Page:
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Editorial

The Libya tightrope

A U.N.-authorized no-fly zone could end the strife. But the U.S. must be wary of open-ended commitments.

March 19, 2011

The United Nations resolution authorizing "all necessary measures" to protect civilians in Libya may ultimately avert further slaughter by Moammar Kadafi. If it does, whether through the use of force or as the result of a genuine and durable cease-fire, it will be a remarkable achievement. Even opponents of military action against Libya — this page included — must be impressed by both the humanitarian impulse behind the resolution and the diplomatic skill that made it possible.

It is also highly reassuring that the effort has the imprimatur of the U.N. Security Council and will be multilateral. The no-fly zone — the current centerpiece of the anti-Kadafi strategy — was even endorsed by the Arab League. The United States and its European allies are expected to be joined in maintaining the zone by at least two Arab nations. The resolution, and the action it authorizes, cannot fairly be described as the creature solely of Washington. That is a tribute, in part, to American diplomacy and to President Obama.

What gives us pause about the resolution is the relationship between its humanitarian ends and the political objectives of at least some members of the Security Council. Though the official goal of the resolution is to protect civilians, several countries — including the United States — clearly hope that military force will also lead to Kadafi's downfall. In his remarks Friday, Obama sent a mixed message: He emphasized that Kadafi had lost the legitimacy to lead, but he stopped short of saying that he must go. Secretary of State Hillary Rodham Clinton was more forthright, saying that a result of any negotiations would have to be the decision by Kadafi to step down.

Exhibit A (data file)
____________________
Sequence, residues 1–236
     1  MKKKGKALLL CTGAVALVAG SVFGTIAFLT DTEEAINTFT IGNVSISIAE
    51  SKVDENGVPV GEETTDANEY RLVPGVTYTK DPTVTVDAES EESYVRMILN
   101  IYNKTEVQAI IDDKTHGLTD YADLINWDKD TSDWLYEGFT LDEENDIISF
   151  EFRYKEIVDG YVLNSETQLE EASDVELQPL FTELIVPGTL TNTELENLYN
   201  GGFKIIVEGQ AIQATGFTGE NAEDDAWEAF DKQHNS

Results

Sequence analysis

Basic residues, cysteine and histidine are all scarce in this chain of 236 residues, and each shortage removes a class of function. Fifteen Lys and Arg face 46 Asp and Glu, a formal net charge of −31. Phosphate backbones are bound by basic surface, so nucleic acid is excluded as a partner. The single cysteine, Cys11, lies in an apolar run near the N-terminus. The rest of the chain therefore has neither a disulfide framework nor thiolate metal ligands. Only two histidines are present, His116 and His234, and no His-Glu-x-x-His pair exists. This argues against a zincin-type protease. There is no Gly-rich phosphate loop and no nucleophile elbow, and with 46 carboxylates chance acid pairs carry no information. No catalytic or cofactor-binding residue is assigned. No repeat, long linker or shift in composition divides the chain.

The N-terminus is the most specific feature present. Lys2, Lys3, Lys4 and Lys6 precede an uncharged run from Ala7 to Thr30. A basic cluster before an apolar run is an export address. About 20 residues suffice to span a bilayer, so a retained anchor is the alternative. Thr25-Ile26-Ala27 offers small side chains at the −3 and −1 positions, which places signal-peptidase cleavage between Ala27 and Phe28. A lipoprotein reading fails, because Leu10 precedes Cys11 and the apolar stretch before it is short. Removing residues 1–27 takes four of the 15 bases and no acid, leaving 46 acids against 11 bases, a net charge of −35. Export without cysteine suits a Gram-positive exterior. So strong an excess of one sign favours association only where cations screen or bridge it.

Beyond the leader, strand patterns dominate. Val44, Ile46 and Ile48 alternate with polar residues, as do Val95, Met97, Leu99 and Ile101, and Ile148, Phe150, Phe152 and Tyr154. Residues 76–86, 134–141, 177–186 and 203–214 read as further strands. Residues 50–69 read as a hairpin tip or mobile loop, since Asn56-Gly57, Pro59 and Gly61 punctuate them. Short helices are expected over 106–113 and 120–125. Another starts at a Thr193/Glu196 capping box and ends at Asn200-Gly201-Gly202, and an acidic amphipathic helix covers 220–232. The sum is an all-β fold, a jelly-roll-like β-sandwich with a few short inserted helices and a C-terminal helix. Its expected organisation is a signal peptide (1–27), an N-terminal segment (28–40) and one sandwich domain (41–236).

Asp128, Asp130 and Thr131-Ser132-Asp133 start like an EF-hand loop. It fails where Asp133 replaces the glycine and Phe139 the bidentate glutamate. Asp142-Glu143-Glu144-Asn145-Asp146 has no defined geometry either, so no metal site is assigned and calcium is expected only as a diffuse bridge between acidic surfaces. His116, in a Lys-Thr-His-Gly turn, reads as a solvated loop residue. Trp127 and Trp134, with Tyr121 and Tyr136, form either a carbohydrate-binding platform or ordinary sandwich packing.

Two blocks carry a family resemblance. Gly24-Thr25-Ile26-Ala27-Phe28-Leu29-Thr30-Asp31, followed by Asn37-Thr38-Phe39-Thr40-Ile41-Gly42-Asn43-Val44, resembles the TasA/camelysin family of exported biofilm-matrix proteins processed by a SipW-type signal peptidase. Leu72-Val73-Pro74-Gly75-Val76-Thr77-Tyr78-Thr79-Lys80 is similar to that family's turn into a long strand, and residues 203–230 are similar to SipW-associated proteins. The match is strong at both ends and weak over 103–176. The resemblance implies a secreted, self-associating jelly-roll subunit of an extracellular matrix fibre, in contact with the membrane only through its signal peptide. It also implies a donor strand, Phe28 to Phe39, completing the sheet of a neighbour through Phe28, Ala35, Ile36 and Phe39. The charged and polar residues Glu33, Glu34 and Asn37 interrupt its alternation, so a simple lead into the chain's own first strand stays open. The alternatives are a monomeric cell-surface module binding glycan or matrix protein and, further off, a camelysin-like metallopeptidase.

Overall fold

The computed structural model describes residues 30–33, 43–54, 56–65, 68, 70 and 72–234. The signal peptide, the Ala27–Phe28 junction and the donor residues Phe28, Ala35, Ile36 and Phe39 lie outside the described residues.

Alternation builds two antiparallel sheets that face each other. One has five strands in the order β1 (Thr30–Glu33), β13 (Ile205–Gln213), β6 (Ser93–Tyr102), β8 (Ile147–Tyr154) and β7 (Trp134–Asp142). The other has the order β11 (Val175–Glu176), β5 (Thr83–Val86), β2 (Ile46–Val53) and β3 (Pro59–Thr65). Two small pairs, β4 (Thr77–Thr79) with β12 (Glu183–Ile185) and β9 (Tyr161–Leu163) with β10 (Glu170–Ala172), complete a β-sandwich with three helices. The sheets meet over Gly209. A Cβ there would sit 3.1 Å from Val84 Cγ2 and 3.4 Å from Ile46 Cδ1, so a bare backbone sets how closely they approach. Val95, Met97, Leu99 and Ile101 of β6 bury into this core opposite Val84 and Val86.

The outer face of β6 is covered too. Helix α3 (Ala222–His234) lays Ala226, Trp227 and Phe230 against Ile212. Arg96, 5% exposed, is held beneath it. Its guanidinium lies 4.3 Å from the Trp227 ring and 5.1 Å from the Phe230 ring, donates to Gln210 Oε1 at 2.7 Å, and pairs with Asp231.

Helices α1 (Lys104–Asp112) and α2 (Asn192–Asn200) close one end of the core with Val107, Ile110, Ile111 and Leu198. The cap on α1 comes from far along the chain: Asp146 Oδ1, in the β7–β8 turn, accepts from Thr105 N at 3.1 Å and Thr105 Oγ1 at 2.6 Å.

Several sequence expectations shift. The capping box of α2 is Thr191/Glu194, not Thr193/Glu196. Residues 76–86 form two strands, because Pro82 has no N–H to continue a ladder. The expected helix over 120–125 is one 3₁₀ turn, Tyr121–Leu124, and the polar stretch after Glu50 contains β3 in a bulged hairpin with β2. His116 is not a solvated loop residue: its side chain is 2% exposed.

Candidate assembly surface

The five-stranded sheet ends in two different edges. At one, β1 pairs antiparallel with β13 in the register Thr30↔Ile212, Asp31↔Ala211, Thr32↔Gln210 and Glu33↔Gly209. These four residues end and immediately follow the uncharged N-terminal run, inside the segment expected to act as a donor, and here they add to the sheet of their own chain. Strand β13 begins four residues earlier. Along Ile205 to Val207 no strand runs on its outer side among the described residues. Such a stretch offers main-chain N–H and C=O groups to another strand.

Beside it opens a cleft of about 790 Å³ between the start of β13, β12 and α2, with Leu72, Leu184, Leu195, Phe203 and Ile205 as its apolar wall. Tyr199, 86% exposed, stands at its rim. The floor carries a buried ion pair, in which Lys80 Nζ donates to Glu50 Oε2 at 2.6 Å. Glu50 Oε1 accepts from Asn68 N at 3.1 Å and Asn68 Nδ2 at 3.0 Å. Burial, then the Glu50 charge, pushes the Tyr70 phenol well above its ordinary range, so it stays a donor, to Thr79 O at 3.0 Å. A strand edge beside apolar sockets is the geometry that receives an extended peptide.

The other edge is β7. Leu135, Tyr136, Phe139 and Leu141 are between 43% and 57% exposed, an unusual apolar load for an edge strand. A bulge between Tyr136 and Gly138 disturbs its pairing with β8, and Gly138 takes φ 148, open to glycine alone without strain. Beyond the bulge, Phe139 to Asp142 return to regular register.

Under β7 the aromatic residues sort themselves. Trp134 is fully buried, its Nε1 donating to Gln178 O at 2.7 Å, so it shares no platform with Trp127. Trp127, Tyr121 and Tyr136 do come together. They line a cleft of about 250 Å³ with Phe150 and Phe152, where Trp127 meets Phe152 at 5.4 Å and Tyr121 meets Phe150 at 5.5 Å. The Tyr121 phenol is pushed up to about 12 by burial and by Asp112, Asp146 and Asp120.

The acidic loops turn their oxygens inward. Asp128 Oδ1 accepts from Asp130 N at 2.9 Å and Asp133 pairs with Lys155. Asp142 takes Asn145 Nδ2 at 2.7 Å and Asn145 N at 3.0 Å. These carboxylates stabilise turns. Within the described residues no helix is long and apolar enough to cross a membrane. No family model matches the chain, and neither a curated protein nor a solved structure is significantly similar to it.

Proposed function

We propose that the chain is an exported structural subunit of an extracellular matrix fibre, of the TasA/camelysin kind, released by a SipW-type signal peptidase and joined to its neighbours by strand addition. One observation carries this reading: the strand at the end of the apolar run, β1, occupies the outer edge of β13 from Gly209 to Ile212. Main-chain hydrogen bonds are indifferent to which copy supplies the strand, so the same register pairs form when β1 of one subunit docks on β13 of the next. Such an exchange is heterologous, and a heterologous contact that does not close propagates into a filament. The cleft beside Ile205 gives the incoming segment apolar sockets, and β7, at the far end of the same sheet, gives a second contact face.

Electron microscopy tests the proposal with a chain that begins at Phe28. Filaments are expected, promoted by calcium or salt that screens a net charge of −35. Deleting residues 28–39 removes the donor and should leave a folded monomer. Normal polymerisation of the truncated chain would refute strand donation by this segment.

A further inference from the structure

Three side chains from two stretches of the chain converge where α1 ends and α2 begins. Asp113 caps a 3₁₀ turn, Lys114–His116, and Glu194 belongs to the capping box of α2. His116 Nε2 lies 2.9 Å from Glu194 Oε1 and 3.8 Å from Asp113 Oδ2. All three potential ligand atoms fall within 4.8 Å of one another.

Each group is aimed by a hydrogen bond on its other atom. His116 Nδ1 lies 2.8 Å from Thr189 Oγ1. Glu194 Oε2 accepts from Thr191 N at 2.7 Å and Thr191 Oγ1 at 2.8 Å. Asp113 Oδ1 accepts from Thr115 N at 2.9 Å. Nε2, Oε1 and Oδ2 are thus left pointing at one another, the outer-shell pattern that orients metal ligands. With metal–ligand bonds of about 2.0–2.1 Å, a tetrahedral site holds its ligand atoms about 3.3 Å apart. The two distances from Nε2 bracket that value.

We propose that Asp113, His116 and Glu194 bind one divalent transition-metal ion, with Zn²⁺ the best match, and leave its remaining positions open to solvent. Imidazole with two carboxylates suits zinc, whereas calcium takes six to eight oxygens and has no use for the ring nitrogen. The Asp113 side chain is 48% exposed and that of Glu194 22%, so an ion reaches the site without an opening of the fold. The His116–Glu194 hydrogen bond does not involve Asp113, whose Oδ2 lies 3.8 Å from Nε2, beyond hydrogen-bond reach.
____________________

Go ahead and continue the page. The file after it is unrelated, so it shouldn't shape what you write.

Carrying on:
But suppose Kadafi doesn't leave? Would the United States be responsible for the fate of Libyans indefinitely? The resolution rules out "a foreign occupation force of any form on any part of Libyan territory," but would the no-fly zone and other measures designed to protect the people continue in perpetuity? And if Kadafi does leave, what responsibility would the U.S. and its allies have for preventing a power vacuum and ensuring a stable future for Libya? After the American experience in Iraq and Afghanistan, the Obama administration needs to be clear about its objectives, realistic about whether they can be attained and wary of open-ended commitments.

That said, the resolution puts Kadafi on notice that his regime brutalizes its people at its own peril. Even if his proclamation of a cease-fire is a fraud, that he made it at all testifies to the seriousness of the message sent by the Security Council.

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